Coronavirus Updates The latest developments in the COVID-19 pandemic.
The novel coronavirus, first detected at the end of 2019, has caused a global pandemic.

Coronavirus Updates

Latest developments in the COVID-19 pandemic

German Chancellor Angela Merkel puts on her face mask after a news conference in Berlin last week. Germany has introduced new requirements for medical-grade masks to be worn on public transit and in shops. Michael Kappeler/AFP via Getty Images hide caption

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Michael Kappeler/AFP via Getty Images

German Chancellor Angela Merkel puts on her face mask after a news conference in Berlin last week. Germany has introduced new requirements for medical-grade masks to be worn on public transit and in shops.

Michael Kappeler/AFP via Getty Images

A number of European countries have announced new mask recommendations and requirements, pushing aside fabric masks in favor of surgical masks or medical-grade respirators.

In Germany, the federal and state governments introduced measures last week making medical masks — identified as surgical masks or KN95 or FFP2 masks — mandatory in stores and on public transit. It also issued a recommendation that medical masks be worn whenever there is close or prolonged contact with other people, particularly in enclosed spaces.

FFP2 is a European standard promising filtration similar to that of N95 or KN95 respirators.

The government said that in light of the new coronavirus variants, medical masks "offer greater protection than normal cloth masks, which are not subject to any standards with regard to their effectiveness."

"We must take the danger posed by this variant very, very seriously, and we must slow the spread of this variant as far as possible," said Chancellor Angela Merkel.

The German state of Bavaria had already introduced rules requiring FFP2 masks on transit and in shops. The federal government earlier announced it would distribute millions of FFP2 masks to people over 60 and those with chronic conditions.

Austria put similar rules into effect on Monday, now requiring FFP2 masks or the equivalent in settings including transit, carpooling, businesses open to the public and indoor and outdoor markets. To ensure wide adoption of the new regulations, Austria said it would distribute 1.2 million free masks. Large supermarket chains will also hand out free masks in the first days of the new rules.

France's High Council for Public Health announced last Thursday that it is now recommending people wear surgical masks in public, on the basis that they offer better protection than fabric masks.

"The recommendation that I make to the French people is to no longer use fabric masks," said French Health Minister Olivier Véran, according to Reuters.

Véran said industrially made masks are preferable. "Artisanal masks that one makes at home, with the best intentions in the world ... do not necessarily offer all the necessary guarantees," Véran told France Inter last week.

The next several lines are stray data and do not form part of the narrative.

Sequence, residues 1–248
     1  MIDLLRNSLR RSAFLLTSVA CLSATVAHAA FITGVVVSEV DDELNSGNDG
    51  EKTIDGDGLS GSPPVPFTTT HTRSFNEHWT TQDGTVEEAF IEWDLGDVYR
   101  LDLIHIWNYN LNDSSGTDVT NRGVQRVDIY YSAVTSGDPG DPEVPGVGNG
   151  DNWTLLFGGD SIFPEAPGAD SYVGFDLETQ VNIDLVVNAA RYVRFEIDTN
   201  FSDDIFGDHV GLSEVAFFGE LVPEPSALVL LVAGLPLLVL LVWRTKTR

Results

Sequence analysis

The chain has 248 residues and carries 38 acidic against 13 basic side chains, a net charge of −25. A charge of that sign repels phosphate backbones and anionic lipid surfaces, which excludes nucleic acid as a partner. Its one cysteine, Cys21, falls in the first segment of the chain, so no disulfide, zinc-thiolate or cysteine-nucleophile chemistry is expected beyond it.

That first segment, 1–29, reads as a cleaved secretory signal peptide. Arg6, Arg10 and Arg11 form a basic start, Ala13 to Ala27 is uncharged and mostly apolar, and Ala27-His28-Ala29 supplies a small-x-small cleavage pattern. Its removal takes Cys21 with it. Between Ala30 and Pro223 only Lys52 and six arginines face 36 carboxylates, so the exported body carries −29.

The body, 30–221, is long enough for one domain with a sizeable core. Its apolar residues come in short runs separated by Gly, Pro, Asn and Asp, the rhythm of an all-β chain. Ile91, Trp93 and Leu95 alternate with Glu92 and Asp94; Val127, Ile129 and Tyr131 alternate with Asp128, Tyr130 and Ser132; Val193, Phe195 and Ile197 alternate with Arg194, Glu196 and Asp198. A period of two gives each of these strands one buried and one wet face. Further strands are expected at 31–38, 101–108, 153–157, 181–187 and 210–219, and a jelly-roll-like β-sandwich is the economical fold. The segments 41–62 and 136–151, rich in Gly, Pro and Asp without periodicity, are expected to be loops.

The council now recommends that people wear Category 1 masks in public, rather than those from Category 2, which includes most cloth masks. Category 1 includes FFP2 masks, surgical masks and fabric masks that meet specific standards. Didier Lepelletier, co-president of the COVID-19 working group at the council, discouraged the general public from using FFP2 filter masks, though, warning that they are difficult to wear correctly, according to The Local France.

France's National Academy of Medicine questioned the wisdom of the move of recommending Category 1 masks, saying, "The effectiveness of 'general public' masks has never been faulted when they are correctly worn."

"Such a change in the recommendations concerning a practice with which the entire population had managed to become familiar risks creating misunderstanding and reviving doubts about the validity of the official recommendations," the National Academy wrote.

In the U.S., the Centers for Disease Control and Prevention continues to recommend that the public use fabric masks, provided that they have at least two layers. The CDC discourages the public from using medical masks or N95 respirators, saying they should be conserved for health care workers. Nonmedical disposable masks are fine for the public to use, the CDC says.

The World Health Organization recommends medical masks for certain groups of people beyond health care workers. Among those groups are people over age 60 and people with underlying health conditions, including chronic respiratory disease, cardiovascular disease, cancer, obesity and diabetes, as well as people with compromised immune systems.

The WHO says fabric masks are suitable for members of the general public who are under age 60 and don't have underlying health conditions.

Prekindergarten students listen as their teacher reads a story this month at Dawes Elementary School in Chicago. Ashlee Rezin Garcia/Pool/Chicago Sun-Times via AP hide caption

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Ashlee Rezin Garcia/Pool/Chicago Sun-Times via AP

Prekindergarten students listen as their teacher reads a story this month at Dawes Elementary School in Chicago.

Ashlee Rezin Garcia/Pool/Chicago Sun-Times via AP